CTG vs.CTC

October 10, 2010

Cradle-to-Grave refers to the life cycle of a garment in that the materials come from the earth and therefore return to the earth. The life of the garment is taken into consideration from the consumer, the care and the disposal of the garment. A Cradle-to-Grave product can only be used a few times before the quality of the product will eventually be un-usable and ends up in the landfill.

One company that uses this Cradle-to-Grave method is a company called Anvilknitwear (http://www.anvilknitwear.com) which is an earth friendly sportswear company that sells t-shirts that are comprise of “recycled polyethylene terephthalate plastic bottles and transitional cotton. The t-shirts carbon footprint is about 3.29 kilograms of carbon dioxide per T-shirt which is a 15-percent-lower footprint than Anvil’s conventional cotton t-shirt — with each AnvilSustainable t-shirt preventing approximately three plastic bottles from being sent to landfills” (anvilknitwear, 2010). I chose this company because it was one of the few companies that still used the Cradle-to-Grave method. A lot of the company websites I looked up were mostly Cradle-to-Cradle methods. I thought this company was interesting because on their website they have a “trackmyt” link where you can type in a specific code from your t-shirt and track the origins of how and where your t-shirt has been pre-purchase. The website actually goes behind the scenes and views pictures, videos and stories about the t-shirt and the creative process.

http://www.anvilknitwear.com/

 

Cradle-to-Cradle refers to the life cycle of one product that then becomes connected with a new product and it’s life cycle. This is the idea that the production of clothing never goes to waste and instead becomes a new and or high-quality product. This approach has endless possibilities and the materials can be used over and over again within a variety of things.

One example of a company that uses this Cradle-to-Cradle method is NICE (Nordic Initiative, Clean and Ethical; http://www.nicefashion.org) which is a joint commitment of the Nordic fashion industry that takes the lead on a social and environmental issues. This company started based off of themselves as consumers trying to be more responsible and sustainable in the environment. Their focus is “to inspire a more environmentally and safe and ethical design and sourcing while taking the customer in a wash, care, and prolonged-use issues” (NICE, 2009). In the consumer guide section of the website, it mentions what you as the consumer can do to help these environmental issues. I chose this company because they are letting the reader be aware that a garment can last for a longer period of time. They have a section of disposing and recycling and they mention the re-use of products and upcycling them to prevent textile waste.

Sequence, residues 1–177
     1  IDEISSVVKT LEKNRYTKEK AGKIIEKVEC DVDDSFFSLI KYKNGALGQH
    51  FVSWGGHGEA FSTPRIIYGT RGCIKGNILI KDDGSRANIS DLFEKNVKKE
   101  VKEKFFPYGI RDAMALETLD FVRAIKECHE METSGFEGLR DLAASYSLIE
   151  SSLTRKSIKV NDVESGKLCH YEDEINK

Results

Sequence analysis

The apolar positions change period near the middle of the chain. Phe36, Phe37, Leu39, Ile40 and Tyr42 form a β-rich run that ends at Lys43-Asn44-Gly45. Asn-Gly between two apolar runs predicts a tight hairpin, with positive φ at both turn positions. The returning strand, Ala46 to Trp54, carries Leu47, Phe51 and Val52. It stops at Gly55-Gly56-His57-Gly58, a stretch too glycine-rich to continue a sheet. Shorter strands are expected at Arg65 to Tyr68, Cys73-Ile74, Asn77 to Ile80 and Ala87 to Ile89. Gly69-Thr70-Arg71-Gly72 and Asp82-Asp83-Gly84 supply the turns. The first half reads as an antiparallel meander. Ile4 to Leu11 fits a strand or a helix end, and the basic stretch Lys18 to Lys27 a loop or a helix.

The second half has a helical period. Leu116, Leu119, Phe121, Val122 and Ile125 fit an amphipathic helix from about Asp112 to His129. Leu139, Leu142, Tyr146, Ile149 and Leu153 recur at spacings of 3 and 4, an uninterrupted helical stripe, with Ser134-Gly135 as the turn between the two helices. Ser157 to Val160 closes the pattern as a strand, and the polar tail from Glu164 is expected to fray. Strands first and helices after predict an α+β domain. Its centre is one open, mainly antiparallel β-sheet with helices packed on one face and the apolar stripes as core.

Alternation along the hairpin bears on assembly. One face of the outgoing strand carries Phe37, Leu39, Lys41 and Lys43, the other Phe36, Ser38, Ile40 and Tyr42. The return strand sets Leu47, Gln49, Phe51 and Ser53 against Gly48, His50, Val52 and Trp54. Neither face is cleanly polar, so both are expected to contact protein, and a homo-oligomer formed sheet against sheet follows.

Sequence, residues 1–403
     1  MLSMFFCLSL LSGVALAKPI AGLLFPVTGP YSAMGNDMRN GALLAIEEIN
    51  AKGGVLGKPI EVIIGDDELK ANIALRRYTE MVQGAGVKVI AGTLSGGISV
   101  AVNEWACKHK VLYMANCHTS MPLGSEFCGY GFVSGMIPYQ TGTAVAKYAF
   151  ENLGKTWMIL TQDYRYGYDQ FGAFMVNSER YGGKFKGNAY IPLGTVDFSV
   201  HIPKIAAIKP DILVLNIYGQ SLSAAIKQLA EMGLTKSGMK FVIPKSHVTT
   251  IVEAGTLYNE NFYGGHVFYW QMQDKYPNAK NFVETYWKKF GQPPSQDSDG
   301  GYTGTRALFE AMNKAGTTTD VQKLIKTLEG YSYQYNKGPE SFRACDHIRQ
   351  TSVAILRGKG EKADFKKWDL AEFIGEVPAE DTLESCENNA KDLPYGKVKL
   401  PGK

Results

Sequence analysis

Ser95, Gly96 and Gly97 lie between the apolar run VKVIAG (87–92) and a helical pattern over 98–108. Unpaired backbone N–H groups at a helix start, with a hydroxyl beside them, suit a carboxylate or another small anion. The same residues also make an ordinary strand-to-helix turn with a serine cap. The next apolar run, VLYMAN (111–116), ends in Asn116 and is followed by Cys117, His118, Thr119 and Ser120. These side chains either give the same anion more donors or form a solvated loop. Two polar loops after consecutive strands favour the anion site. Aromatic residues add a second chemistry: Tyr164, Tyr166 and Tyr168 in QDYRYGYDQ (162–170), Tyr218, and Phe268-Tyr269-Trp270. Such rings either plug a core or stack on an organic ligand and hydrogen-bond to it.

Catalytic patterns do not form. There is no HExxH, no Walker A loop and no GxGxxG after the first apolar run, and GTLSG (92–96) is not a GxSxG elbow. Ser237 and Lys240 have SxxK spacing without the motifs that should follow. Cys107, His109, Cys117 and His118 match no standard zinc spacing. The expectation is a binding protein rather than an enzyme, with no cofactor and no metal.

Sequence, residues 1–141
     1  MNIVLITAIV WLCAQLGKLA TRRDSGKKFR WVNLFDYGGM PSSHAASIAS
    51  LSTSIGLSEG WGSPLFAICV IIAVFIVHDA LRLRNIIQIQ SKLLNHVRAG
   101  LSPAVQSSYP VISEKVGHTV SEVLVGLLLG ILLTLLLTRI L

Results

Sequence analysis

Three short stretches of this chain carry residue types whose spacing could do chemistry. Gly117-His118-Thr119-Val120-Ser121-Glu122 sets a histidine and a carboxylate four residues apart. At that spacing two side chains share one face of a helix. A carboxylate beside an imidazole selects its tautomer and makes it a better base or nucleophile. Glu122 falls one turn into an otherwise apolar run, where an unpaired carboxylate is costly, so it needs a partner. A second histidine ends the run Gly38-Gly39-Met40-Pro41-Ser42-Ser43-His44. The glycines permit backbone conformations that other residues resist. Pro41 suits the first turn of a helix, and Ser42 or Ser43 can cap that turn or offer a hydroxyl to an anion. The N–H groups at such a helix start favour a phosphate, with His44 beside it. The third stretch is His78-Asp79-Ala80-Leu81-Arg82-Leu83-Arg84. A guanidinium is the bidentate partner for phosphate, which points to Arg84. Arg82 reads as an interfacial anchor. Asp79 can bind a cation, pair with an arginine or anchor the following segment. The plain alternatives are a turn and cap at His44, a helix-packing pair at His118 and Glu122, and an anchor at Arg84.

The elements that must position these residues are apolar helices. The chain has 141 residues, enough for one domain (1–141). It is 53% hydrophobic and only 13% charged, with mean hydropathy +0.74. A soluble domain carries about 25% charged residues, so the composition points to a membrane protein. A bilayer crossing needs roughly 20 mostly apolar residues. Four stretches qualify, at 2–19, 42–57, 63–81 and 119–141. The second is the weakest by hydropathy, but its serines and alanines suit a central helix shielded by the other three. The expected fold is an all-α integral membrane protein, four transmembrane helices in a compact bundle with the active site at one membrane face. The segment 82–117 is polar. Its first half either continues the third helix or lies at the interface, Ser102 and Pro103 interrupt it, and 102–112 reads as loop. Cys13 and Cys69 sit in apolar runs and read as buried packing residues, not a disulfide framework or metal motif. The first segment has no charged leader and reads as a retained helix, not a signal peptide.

http://www.nicefashion.org/en/index.html

In comparing this website to the Anvil website, both have links to track down the “journey of a t-shirt” however NICE focuses on the impact of the environment, letting consumers be aware of how harmful the process may be towards a garment.

The Cut-and-Sew garment creation method is based on the idea that fabric is cut and then sewed leaving at least 10-20 percent of the total fabric used is put to waste. Jigsaw is a part of the Cut-and-Sew method in which fabric is cut out and then sewed together leaving no waste. I do think that fabric waste eliminations is possible. As long as the designer can find other creative ways and different approaches to the cut and sew method that has little to no waste in the end. I think that now-a-days, designers are trying to get the most out of their money by putting less fabric to waste. Today, sustainability and its buzz is becoming more and more popular that designers are finding different methods and approaches to keeping an environmentally sustainable world. This process will not only help the designer in their creative process but also help the consumer be aware of how much time and effort goes into the garment they’re wearing.

Preconsumer waste manly comes from the materials from textile, fiber and cotton industries that are remanufactured for cars, homes, furniture, paper, yarn, apparel and other industries. Postconsumer waste is defined as any type of garment or household article made from manufactured textiles that owner no longer needs and discards for various reasons like the garment being worn out, damaged, outgrown, or are not in style anymore.

Rage dealers collect excess inventory from charitable organizations and sort them into vintage collections, exports to countries, and wipers, and fiber for stuffing. Instead of all excess textiles ending up in the landfill, rage dealers are able to reduce the waste in landfills by sorting postconsumer items and distributing them in a place where they could be used or re-used otherwise (e.g. second hand stores).

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